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With Appendix Carry Inside The Waistband or AIWB for short we are talking about the holster being inside the waistband at the 1 O'Clock or 2 O'Clock position if you are right handed and 10 or 11 O'clock if you are left handed like me. ;)
People have carried in this position for a long time but it's really taken off in the last few years, perhaps social media, perhaps holster making has something to do with it as we have an abundance of AIWB Holster makers, perhaps TV or just people are better trained these days and have more access to information to self educate and have came round to the benefits of AIWB...Or all of the above...
Plenty of world class firearms instructors carry this way and are open minded to the benefits.
It's definitely not for everybody, there are pros and cons but it may work for you so let's take a look...
So we get this question a lot...
"Is Appendix Carry Safe?"
Appendix, Appendix Inside The Waistband, AIWB or 1 O'clock Carry..
Well first we must acknowledge that being around guns is never 100% Safe. There are objects that must be respected and treated that way and handled with care, even whilst obeying the 4 basic rules of firearm safety, there is always a risk a mistake could be made, we are all human.
However we can mitigate that risk a lot by abiding by the 4 rules of firearm safety and being very mindful of our actions when handling guns.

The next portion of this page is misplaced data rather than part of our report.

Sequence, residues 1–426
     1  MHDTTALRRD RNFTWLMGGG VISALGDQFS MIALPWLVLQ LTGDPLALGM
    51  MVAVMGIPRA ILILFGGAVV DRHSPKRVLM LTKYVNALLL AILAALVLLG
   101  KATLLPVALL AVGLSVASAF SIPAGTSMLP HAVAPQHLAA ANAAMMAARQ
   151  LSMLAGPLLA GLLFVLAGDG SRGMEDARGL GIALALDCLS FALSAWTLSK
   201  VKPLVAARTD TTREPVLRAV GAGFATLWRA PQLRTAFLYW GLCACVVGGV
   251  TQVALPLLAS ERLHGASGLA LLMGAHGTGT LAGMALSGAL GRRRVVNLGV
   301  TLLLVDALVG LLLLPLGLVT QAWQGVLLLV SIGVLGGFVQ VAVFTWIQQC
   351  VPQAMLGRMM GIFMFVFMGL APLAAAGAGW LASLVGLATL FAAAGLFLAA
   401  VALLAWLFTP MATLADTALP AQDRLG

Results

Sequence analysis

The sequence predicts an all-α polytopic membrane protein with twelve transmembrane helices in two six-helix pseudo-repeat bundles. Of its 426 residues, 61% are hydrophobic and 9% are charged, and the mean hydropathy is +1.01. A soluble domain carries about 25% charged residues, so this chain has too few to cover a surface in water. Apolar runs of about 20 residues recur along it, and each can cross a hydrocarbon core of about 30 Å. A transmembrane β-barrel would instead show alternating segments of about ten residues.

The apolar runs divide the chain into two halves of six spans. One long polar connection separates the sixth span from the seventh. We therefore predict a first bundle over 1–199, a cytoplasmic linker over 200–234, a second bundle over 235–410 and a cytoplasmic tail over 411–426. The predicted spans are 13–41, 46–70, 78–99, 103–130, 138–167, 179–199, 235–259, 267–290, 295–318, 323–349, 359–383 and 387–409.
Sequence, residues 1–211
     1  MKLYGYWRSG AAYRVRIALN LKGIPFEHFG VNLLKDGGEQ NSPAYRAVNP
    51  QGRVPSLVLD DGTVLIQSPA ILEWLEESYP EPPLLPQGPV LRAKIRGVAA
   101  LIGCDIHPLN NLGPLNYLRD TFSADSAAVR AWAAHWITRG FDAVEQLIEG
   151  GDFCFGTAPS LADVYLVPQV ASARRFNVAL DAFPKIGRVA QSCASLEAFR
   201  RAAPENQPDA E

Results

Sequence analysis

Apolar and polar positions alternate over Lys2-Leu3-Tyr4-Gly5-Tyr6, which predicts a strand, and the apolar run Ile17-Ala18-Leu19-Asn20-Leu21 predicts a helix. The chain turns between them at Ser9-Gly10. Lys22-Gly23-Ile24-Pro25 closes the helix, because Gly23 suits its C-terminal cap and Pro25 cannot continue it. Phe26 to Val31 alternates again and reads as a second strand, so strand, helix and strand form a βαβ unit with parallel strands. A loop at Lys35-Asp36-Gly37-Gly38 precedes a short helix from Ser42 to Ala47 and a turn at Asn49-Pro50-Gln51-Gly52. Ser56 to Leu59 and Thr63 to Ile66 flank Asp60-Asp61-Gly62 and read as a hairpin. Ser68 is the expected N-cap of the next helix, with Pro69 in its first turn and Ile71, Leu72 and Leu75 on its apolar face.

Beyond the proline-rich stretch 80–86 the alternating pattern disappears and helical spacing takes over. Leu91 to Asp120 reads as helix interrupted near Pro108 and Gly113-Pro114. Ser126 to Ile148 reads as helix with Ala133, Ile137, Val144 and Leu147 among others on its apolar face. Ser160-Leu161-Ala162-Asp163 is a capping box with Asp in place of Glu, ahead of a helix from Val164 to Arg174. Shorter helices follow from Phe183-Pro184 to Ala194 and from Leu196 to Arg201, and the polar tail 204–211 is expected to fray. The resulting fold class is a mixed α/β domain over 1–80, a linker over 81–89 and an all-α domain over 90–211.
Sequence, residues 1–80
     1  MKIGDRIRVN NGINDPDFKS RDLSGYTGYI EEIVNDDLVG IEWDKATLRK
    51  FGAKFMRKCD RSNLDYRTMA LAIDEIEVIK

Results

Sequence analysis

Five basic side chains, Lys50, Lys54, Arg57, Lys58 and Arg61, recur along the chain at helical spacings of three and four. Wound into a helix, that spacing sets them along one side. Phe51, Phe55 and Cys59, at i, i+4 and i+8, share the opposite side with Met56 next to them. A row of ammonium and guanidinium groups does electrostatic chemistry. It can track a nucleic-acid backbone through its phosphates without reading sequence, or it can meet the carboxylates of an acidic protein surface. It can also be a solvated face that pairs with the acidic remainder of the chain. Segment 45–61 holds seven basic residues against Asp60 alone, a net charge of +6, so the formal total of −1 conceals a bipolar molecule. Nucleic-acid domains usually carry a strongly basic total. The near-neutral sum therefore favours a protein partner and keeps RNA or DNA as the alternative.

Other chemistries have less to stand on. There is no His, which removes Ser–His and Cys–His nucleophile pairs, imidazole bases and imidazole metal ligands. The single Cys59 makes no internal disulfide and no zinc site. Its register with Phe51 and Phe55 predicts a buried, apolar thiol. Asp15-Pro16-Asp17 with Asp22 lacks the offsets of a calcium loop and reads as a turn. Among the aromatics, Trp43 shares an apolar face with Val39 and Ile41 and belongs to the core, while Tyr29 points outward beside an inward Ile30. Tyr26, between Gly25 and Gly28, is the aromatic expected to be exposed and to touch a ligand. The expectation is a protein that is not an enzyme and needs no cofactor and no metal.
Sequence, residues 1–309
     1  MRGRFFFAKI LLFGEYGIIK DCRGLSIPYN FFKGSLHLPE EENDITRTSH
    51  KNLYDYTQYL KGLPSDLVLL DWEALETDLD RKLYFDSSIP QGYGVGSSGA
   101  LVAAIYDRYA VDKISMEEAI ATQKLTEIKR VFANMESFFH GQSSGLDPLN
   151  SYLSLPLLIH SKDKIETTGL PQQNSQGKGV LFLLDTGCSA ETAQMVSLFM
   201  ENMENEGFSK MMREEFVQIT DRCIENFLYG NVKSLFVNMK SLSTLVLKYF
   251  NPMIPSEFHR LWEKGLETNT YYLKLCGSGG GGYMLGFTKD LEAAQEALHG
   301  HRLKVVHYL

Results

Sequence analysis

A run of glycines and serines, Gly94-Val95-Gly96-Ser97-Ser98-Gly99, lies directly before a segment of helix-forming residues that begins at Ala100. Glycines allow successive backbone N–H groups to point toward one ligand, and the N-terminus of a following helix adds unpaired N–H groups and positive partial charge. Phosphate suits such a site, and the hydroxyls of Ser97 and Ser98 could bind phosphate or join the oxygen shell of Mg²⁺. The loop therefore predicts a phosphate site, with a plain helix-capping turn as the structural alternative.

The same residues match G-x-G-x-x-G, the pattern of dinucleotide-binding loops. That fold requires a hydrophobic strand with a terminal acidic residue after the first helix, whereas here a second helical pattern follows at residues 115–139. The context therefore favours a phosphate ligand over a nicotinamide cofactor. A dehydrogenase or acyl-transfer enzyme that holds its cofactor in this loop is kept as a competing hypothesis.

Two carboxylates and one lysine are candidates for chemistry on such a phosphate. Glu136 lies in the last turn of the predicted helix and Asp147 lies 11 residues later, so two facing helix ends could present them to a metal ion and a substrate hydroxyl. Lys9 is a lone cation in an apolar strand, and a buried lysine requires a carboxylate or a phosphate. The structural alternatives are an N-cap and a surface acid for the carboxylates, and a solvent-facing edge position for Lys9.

So everyone and their grandmother has an opinion on whether or not Appendix Carry is safe.
There is a lot of back and forth, debates and even arguments on the topic. You will hear people making jokes of you shooting yourself in the junk, leg, femoral artery and that you are breaking rule number 2 of firearm safety (don't point the muzzle at anything you are not willing to destroy) and that you are "Flagging" yourself.
However with training, practice and abiding by the other 3 rules of firearm safety that will keep you as safe as possible.
Personally I am a very safe person, I abide by all the rules of firearm safety at all times anytime my gun is in or out of the holster so I am confident with carrying Appendix myself.
A holstered gun should be a safe gun, correct trigger guard coverage, good retention and secure in the holster. When leaving the holster your index/trigger should be on the slide out of the trigger guard the entire draw until your sights are aligned and on target, you know your target and whats beyond it and you are ready to fire.
Catastrophes happen when that rule is broken.
Another time is reholstering and something getting in the way of the gun going back into the holster and getting in the trigger guard and causing a negligent discharge.
Carry Position -
Anytime we are drawing or reholstering from any position on our body that is where the risk comes in and we must be careful.
I argue that appendix is more safe as the gun is infront of you and its quick to get into your work space of low, mid or high ready and to your shooting position there is no obstruction in your path. You can press the gun out quick and consistently.
Getting a cover garment that you cannot see whilst drawing out of the way clearly and consistently is a pain in the ass and its much easier for that to get in your way and when reholstering it is hard to turn and see from an awkward position and look every single time to constantly turn and guide it back into the holster and due to it's awkwardness it just takes 1 time of being too lazy to look when reholstering and you have a negligent discharge on your hands.